The morning shift arrived to find the back door ajar and Martin’s car in the lot. Foul play was initially assumed what with the cash register open and empty and door open. Fearing the worst, they avoid opening the cooler. Within it, Martin’s body lay facedown and lifeless on the floor of the now warm walk-in refrigerator.
Here we stand on the sidewalk near 4123 SW. Barbur Blvd back in the late-summer heat of August of 1986 taking in the southerly scene. Gravel remains on the sidewalk eight months since last snowfall and streetlight poles obscure all but a scant 2′ of usable sidewalk, clues to the kind of expectation of walkablity here
A lot of old ships hanging out in the Swan Island Basin.
Lets take a closer look at the two US Navy Gearing-class destroyers anchored side by side.
USS Rogers (DD-876) so named in honor of three brothers who all lost their lives aboard the USS New Orleans in 1942. She was built in 1944 by Consolidated Steel in Orange, Texas, launched in 1944 and served in WWII in the Pacific and the Korean War. Rogers was refitted in 1963 and deployed to Vietnam until 1969. Sailing between San Diego and Vietnam, she won meritorious commendation for her assistance in extinguishing a nearly catastrophic fire aboard the nuclear carrier Enterprise. In 1974 she shifted homeports to Swan Island and tasked with training US Navy reserves until being decommissioned in 1981 then sold to South Korea where she is now a museum ship.
The ship in the foreground is hard to identify, but I believe her to be USS Hamner (DD-718), named for Lieutenant Henry R. Hamner who had died during a kamikaze attack on the USS Howorth just months before. Launched in 1945 in Newark, New Jersey. She immediately deployed with the 7th fleet destined for various Chinese and Japanese ports and returned home, repeating this pattern until Korean hostilities began in 1950. There, she bombarded communist supply lines with great success until 1953. After this she mainly made good-will visits to Asian ports. Modernized in 1962 Hamner resumed operation in the waters off Vietnam, participating in Operation Traffic Cop by shelling communist supply ships. By the early 70s she was reclassified as a Navy reserve training ship and regularly sailed between San Diego and British Columbia. In July 1975, she shifted her home port to Portland, Oregon, where her crew began referring to their ship as ‘the Old Gray Ghost of the Oregon Coast.’Hamner held her last training in 1979 and a year later was sold to Taiwan.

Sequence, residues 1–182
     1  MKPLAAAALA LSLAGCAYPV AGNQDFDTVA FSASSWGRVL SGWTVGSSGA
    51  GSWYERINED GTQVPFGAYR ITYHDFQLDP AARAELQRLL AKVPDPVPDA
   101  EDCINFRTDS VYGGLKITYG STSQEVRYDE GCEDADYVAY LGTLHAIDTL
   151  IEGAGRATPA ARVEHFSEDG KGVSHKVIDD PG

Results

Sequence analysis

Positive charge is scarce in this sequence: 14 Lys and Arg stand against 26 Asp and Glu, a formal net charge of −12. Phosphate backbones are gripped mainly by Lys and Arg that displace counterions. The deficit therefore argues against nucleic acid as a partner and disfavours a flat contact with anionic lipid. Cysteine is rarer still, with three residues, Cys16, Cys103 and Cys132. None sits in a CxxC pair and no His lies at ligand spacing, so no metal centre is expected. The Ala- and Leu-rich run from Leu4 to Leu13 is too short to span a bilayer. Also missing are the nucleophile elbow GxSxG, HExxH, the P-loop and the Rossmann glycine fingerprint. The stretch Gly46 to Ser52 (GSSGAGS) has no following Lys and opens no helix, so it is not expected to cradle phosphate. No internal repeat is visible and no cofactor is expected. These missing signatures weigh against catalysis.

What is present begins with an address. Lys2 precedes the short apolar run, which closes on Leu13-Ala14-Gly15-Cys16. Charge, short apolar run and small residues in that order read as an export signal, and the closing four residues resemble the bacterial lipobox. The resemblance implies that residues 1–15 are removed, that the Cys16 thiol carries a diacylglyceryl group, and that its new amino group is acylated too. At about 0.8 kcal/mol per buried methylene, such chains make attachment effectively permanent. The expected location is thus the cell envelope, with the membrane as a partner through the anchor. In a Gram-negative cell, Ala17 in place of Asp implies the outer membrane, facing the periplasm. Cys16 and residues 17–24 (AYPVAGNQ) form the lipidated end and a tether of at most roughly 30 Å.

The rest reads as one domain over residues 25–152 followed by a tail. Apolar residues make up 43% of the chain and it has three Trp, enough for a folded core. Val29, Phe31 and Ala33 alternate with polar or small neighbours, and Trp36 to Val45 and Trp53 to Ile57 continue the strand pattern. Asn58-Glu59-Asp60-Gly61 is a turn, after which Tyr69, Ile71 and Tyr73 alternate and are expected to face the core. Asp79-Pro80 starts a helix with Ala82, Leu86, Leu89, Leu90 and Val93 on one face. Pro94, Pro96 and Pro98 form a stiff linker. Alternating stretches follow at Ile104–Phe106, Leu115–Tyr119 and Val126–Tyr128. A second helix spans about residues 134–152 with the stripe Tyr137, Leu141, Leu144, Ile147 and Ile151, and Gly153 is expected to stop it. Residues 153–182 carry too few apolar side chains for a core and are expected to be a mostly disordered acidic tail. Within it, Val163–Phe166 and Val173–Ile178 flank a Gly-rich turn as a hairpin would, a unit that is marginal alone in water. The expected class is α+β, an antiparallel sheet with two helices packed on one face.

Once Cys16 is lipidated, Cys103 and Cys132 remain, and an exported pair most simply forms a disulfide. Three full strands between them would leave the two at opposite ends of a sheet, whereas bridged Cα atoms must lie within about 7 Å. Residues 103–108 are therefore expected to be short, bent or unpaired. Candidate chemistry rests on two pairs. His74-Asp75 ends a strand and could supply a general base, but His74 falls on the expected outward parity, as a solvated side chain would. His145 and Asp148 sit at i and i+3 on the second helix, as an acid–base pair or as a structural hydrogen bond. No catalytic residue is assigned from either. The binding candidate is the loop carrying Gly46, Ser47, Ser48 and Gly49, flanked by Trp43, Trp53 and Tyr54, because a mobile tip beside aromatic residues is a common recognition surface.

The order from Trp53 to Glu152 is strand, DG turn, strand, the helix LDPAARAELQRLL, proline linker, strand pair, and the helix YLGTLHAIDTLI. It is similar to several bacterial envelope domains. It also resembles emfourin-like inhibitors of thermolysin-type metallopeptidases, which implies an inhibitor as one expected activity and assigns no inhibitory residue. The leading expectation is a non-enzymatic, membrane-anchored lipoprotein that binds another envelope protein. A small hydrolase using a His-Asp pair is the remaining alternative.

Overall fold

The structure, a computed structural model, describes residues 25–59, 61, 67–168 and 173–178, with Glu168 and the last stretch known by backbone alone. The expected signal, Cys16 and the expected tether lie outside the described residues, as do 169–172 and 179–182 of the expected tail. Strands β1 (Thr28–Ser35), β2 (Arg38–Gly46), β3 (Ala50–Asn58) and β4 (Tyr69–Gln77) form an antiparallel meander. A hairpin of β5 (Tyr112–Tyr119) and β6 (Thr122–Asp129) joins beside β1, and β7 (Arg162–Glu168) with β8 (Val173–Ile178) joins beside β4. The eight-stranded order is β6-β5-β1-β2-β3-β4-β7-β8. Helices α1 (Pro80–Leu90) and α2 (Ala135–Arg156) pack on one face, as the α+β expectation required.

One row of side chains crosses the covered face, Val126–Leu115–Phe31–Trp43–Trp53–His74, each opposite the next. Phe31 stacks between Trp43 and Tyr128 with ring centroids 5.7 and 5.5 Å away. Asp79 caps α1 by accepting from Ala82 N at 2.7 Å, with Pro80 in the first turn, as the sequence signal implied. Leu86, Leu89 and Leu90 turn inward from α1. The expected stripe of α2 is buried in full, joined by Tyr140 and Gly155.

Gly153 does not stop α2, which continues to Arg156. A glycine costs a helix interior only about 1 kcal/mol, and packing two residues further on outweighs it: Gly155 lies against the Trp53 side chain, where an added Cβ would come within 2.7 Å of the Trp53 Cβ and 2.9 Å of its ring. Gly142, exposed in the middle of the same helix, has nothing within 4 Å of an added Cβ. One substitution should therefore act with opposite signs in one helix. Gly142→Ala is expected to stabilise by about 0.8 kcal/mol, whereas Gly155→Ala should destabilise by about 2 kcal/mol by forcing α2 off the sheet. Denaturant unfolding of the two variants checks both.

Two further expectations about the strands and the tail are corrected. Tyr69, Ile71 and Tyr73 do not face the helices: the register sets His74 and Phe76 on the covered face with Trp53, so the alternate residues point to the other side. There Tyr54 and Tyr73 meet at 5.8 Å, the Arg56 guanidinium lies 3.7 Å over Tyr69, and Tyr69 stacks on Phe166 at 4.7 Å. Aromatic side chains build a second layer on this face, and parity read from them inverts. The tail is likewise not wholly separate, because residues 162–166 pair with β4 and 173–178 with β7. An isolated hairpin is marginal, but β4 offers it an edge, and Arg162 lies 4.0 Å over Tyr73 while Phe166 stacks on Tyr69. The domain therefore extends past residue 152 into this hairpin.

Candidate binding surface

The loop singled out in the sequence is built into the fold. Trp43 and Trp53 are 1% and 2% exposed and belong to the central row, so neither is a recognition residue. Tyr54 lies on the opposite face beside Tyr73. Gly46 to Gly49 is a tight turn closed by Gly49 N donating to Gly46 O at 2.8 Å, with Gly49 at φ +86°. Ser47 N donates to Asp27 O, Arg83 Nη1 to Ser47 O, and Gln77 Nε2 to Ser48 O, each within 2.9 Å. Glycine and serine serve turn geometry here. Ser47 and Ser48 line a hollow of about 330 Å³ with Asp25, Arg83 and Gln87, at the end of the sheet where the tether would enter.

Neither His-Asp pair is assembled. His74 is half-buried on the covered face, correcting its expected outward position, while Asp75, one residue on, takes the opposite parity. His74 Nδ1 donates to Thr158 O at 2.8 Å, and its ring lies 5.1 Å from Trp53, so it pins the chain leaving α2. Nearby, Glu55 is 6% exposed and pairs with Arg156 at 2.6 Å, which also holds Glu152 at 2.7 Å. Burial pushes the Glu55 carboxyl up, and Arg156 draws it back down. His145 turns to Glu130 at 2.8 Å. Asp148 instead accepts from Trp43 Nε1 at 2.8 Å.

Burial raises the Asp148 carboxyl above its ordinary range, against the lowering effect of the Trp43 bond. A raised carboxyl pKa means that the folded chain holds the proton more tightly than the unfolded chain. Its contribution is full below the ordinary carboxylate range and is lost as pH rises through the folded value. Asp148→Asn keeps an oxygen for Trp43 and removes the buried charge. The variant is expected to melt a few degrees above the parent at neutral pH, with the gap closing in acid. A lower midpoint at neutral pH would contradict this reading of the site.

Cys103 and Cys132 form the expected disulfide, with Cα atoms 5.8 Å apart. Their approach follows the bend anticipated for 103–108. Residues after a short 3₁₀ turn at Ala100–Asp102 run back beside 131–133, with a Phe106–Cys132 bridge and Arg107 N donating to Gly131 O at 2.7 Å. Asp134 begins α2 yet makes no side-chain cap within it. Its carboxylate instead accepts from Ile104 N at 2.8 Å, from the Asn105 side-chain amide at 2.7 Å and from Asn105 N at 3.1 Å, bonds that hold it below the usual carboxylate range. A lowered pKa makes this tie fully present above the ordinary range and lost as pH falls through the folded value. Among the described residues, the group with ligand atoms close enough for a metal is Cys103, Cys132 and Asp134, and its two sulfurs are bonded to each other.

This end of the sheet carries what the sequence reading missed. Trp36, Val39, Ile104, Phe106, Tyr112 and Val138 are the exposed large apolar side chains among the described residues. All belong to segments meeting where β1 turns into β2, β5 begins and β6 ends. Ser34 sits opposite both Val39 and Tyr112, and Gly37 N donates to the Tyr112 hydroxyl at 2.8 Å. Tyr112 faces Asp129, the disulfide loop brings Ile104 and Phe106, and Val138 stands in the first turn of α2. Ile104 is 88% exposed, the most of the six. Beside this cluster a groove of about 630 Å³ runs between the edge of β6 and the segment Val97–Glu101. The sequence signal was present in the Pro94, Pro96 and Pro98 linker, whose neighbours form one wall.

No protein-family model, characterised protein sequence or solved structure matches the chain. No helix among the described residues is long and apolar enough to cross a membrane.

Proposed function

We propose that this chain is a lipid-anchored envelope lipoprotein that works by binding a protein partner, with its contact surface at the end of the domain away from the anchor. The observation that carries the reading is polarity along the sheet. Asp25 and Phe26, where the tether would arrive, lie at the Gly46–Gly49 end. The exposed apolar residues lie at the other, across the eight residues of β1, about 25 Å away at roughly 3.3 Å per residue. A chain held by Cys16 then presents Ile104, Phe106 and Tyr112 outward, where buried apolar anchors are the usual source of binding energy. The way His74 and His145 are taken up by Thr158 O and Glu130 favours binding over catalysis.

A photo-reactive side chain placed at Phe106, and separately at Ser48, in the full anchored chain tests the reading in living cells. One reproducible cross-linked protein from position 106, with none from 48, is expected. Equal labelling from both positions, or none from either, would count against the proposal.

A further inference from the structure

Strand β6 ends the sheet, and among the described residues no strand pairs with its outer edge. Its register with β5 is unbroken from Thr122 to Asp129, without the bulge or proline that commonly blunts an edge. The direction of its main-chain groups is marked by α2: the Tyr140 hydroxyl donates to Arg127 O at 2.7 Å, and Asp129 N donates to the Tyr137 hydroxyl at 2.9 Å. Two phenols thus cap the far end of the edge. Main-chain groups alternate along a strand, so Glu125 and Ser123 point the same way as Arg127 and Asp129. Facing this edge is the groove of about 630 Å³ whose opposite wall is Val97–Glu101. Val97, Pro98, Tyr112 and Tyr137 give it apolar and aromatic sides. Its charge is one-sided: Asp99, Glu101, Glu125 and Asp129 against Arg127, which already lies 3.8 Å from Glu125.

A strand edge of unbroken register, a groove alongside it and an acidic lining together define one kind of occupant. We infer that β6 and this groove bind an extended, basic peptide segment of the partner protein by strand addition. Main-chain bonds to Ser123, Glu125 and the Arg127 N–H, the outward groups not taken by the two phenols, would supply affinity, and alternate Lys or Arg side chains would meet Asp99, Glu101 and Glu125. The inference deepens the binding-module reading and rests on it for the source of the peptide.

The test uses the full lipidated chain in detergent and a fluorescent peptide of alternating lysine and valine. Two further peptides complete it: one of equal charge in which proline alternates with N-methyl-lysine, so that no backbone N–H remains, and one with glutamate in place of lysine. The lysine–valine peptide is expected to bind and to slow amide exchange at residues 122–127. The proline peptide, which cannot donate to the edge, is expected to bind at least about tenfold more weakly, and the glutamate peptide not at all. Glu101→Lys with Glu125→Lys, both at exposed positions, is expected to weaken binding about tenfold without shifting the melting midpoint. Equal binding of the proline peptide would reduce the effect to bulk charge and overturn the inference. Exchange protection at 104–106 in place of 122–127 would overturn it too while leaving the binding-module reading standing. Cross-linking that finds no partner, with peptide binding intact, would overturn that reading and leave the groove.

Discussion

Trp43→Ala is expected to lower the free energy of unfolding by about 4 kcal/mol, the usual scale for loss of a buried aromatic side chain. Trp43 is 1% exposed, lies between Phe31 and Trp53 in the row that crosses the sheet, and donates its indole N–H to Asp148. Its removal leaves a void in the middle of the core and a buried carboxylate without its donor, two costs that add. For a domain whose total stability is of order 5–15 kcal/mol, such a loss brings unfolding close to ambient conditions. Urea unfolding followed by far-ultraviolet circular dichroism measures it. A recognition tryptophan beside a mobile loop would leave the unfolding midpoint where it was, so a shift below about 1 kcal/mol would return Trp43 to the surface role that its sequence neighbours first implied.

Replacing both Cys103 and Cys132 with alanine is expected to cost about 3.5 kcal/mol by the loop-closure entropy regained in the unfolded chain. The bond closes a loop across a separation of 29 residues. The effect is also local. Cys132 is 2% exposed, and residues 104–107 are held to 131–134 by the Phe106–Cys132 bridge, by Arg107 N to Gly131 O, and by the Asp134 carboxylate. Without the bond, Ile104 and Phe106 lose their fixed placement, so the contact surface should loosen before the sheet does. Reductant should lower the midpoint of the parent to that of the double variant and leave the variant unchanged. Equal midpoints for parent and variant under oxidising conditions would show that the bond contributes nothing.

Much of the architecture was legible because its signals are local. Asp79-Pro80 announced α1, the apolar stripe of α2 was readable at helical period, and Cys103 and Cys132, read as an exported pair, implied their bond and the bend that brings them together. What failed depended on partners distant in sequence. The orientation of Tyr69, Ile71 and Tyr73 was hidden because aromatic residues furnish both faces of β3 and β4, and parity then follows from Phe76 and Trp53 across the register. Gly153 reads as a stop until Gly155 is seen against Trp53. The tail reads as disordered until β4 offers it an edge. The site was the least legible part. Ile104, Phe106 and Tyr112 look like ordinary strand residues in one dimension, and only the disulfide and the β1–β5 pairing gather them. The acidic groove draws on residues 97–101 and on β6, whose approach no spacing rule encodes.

These and so many of the ships of Portland help illuminate the storied past of shipping so central to Portland over the years. The great many men who called these ships home if only briefly, have so many colorful histories to share. Indeed, many of these ships have whole websites devoted to collecting and documenting their stories.
Today’s before and after is from precisely 34 years ago near the intersection of NE Union Ave (MLK Jr. Blvd) and NE Davis.
One thing we take for granted today is the longevity of our cars. In fact, the average age of cars on the road today is 11.5 years, which consitutes a sharp rise even in the last decade. Notice in this picture, a blue 1974 Mercury Comet with ragged vinyl roof. Barely 8 years old and this thing has serious cosmetic defects. I hardly imagine many 2008 cars have such problems, save the occasional case of headlight oxidation. Nor must we constantly lube our cars. Pity the corner station, which has no use in the era of once-a-month-fill-ups and 10,000 oil changes. Now converted into all manner of coffee shops, dog baths and cafes, these vestiges of a more trouble-prone automotive past have been reabsorbed into the fabric of the city.
I am calling this post Future Springwater Corridor, even though it encompasses some of the Eastbank Esplanade. Apparently these were taken as part of a study of that area and date from 1977-1980. As I discovered during scanning, at some point in the 70s, there was actually a plan to use the trail South from the cement plant, as a regional transit-way, whatever that means. This illustration made it appear on par with freeways. I wonder if this was part of an aborted streetcar/LRT scheme. Anyone who has more information can chime in.